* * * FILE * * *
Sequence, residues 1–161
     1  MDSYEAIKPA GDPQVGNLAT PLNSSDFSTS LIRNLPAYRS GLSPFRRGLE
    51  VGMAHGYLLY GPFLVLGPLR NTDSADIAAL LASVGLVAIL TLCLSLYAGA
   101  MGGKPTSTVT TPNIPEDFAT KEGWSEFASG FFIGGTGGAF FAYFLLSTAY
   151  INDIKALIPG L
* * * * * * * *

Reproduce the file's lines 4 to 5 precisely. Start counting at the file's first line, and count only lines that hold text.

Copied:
   101  MGGKPTSTVT TPNIPEDFAT KEGWSEFASG FFIGGTGGAF FAYFLLSTAY
   151  INDIKALIPG L